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UN donates telemedicine devices to boost healthcare services in Somalia


Saturday January 9, 2021
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Mogadishu – Several hospitals and health clinics in Somalia are being equipped to strengthen their capacity to provide healthcare services, thanks to an innovative telemedicine project by the Ministry of Health and Human Services (MoH) supported by the International Organization for Migration (IOM).

IOM, through funding from the multi-donor Somalia Humanitarian Fund (SHF), handed over digital devices and office equipment to the MoH in Somalia on Thursday (January 7) to support the introduction of telemedicine in Somalia’s health system. The donation includes screens, video cameras, a PC, video conference equipment and 50 iPads. 

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Somalia’s health system has been significantly damaged by years of conflict and recurrent humanitarian crisis, and most of the health care workers working on the frontlines against COVID-19 and other disease of epidemic potential have limited expertise and experience of treating critically ill patients.

The new telemedicine project aims to setup the necessary facilities to enable these local medical professionals to access a growing body of health knowledge and expertise inside and outside the country. Knowledge-transfer resulting from this project will pave the way to revolutionizing the Somalia healthcare system through a systematic knowledge-transfer to improve healthcare service provision in the country.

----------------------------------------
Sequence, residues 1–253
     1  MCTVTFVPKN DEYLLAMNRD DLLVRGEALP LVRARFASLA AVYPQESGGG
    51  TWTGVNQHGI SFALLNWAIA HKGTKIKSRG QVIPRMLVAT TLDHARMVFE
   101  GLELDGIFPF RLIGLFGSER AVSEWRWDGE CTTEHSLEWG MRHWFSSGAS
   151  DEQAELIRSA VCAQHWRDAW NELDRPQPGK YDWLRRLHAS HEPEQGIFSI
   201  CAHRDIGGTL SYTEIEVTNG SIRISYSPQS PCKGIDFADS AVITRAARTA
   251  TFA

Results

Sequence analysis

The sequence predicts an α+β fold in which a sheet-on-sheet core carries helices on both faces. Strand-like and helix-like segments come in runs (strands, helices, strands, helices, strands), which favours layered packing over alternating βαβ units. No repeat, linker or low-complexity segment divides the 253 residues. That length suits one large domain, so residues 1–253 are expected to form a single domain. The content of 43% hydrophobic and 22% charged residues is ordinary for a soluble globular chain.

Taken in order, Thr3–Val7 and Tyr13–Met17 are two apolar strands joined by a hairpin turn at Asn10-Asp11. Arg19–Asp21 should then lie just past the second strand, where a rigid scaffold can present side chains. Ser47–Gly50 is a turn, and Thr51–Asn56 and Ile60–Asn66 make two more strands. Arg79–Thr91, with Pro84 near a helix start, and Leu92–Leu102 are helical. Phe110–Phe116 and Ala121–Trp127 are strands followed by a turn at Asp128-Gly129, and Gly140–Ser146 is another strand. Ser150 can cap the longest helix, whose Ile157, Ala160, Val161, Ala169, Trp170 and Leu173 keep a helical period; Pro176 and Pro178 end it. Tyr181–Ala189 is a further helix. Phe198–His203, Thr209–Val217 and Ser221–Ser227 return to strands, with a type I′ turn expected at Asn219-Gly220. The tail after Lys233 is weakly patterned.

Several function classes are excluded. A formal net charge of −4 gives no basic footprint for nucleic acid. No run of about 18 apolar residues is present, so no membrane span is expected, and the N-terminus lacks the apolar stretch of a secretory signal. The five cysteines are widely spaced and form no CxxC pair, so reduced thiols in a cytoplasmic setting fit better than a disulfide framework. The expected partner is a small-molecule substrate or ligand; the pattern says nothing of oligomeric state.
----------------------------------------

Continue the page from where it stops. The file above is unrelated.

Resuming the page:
IOM has been supporting health capacity injection through IOM’s Migration for Development in Africa (MIDA) programme, by placing diaspora health experts in hospitals and clinics throughout Somalia. Due to the current COVID-19 situation, it has been increasingly difficult to recruit senior health care workers to respond to the urgent demand of expertise to address the COVID-19 pandemic. 

“This project will link doctors in Somalia with experts abroad and in other parts of the country to complement the diaspora programme which physically places diaspora doctors in the country,” explained Kerry Kyaa, IOM’s Senior Health expert.  

“Telemedicine will also mitigate the limitations placed by COVID-19 on international travel and physical distancing.”

Expert doctors will help those on the frontlines with clinical diagnosis and will give real time recommendations for patient management and reduce morbidity and mortality. This will be achieved through the setup of collaboration systems to facilitate videoconferencing and teleconsultations 

During the handover ceremony, Somalia’s Minister of Health and Human Services, HE. Dr. Fawziya Abikar Nur, said

“I would like to thank IOM on behalf of the Ministry of Health and the people in Somalia. IOM has done a great job with the ministry of health before during, and after COVID-19. This telemedicine project is very crucial for the health sector and the people in Somalia will benefit immensely from it.”

“IOM is proud to be supporting Somalia with this new ambitious telemedicine programme and shall continue to work with MoH and partners to ensure that migrants and displaced populations can have access to a free and better health care,” said Richard Danziger, IOM Somalia Chief of Mission.



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